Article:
Thursday, September 17, 2015


I just completed this improvisationally pieced quilt.  
It began life with a grey background but that just didn't do anything for it, or me.  
I usually love white or grey backgrounds that let the shapes and colors of a quilt really sing.  
Not this time!   
This mauve Robert Kaufman Quilter's Linen proved to be the best choice for the other fabrics in the "ribbons" to assert themselves.

These ribbon blocks are the COMPLETE opposite of being improvisationally cut - all done on an Accuquilt die.

an improvisationally pieced quilt 
of non-improvisationally cut pieces!

As it began to take shape the square knots looked more and more like zeros to me - hence the Square Naughts name.

This process was fun; unwieldy at times seeing where the ribbons and knots took me BUT an interesting composition, I think, evolved!

The lovely wavy-lined quilting really accentuates the hard edges of the ribbons.  Once again a huge thanks to Jennifer McClanahan of Jenn's Quilting for seeing my vision and creating the reality with her long-arm machine.
Wednesday, July 15, 2015

Pedestal Quilt


Even though this quilt has been completed for some time, I hadn't taken a photo of it outdoors so you could see all the wonderful quilting done by Jennifer McClanahan.  It is exactly what I wanted to accentuate the pattern, keep it modern and give it a "quilty" texture.  

My intention was to design a pattern that was gender-neutral and adaptable to many fabric design choices and colors.  It is a pretty easy pattern but takes some time to complete.  Each block is 20 inches square and the finished size is approximately 82 inches square.

The pattern includes the layout of each block as they are all different!  The corner blocks are the same, just different orientations.

Let me know what you think!
Saturday, February 21, 2015

A Scrappy Modern Sampler for Advanced Beginner Quilters.

One of the aspects of quilting I enjoy the most is sharing the fun, the skills and the ever-changing horizons quilting has today.  It has become a newly re-discovered craft by many younger folks who are definitely bringing their own imprint to it.  I LOVE the new fabrics, the new aesthetic and the new enthusiasm!!

Having just completed an Intro to Quilting class with some wonderful ladies  who have developed varying degrees of wanting to know more, I realized that they pretty much were left hanging knowing how to sew a precise 1/4 inch seam, how to press, how to use the rotary cutter masterfully and safely, AND how to knock out a killer half-square triangle (or hundreds of them).  Where to go from here?  Well, once I really started thinking about it I realized there were so MANY places to go from here.  I narrowed it down to some skills that would advance them further into delving on their own, when comfortable, into some modern quilting thinking!  These are the blocks I came up with to develop many skills: accurate piecing, circular piecing, basic paper-piecing, color theory, machine applique, improvisational piecing, fussy cutting and so on!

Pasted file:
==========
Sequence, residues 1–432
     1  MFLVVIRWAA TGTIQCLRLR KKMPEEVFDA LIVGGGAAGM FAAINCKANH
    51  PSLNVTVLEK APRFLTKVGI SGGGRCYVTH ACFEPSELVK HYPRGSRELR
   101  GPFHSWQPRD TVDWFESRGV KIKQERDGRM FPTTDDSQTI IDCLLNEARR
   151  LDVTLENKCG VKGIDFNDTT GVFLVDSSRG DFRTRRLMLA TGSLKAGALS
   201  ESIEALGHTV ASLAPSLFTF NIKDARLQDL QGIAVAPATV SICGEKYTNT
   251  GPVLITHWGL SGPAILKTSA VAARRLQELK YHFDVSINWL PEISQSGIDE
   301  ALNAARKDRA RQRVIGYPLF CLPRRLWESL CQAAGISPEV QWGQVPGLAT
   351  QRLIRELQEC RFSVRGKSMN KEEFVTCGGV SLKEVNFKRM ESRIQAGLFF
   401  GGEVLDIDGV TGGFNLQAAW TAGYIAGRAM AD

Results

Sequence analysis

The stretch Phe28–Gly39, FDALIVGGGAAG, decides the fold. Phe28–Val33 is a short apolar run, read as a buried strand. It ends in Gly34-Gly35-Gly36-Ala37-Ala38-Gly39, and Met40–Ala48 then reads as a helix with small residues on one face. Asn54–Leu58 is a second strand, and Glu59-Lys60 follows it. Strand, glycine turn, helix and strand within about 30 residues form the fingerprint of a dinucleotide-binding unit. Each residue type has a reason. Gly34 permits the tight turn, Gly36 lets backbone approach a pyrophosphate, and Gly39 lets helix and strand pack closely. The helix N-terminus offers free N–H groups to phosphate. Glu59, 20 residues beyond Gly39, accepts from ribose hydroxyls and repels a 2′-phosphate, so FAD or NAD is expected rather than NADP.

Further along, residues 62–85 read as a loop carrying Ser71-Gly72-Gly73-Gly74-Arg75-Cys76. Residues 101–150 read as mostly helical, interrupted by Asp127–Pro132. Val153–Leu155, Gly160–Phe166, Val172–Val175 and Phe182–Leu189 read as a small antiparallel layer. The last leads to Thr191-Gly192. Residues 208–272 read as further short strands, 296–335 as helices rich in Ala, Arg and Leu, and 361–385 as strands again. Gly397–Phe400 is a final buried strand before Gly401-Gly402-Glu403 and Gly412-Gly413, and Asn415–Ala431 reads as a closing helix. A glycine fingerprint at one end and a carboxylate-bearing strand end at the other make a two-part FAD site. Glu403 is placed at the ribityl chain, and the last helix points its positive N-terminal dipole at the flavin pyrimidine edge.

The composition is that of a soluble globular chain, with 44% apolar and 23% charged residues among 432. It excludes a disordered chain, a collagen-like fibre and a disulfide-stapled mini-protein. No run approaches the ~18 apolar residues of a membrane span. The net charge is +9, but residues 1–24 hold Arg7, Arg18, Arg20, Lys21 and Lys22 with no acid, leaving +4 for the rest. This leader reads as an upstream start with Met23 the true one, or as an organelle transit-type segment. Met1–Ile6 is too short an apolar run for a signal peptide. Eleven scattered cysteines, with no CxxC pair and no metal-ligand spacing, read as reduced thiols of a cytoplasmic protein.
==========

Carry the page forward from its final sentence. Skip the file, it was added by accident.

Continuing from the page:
How could I resist creating a scrappy quilt top with all this new fabric that landed in my mailbox recently?  My only regret was I wasn't able to use it all - but - you all know what that means!

What skills do you think a freshly-minted quilter needs in their tool-kit?

Thursday, January 15, 2015

New Year, New Class, New Quilters!!

Happy New Year everyone!

I know - 
I haven't been here in quite some time.  
Nasty flu over the holidays preempted some plans to catch up.  
I do want to share with everyone here, 6 lovely ladies who are in my Intro to Quilting Class and are creating their own wonderful and unique versions of the Blue Diamond Quilt.  
Have a peek at them using their temporary design walls which will soon become the batting in their new quilts, to get the light versus dark values just right!

Our next class will be pin basting and beginning the actual machine quilting.
I have been quite interested to read about board basting lately and am wondering what any of you think of it, if in fact you have tried it?  Using temporary spray adhesive, it appears to be a much more inviting choice not only in the actual quilting, so you don't have to stop & wrestle with the pins, but in ease of sandwiching; and NO bleeding on the quilt top!!
I would love to hear thoughts from those who have tried board basting.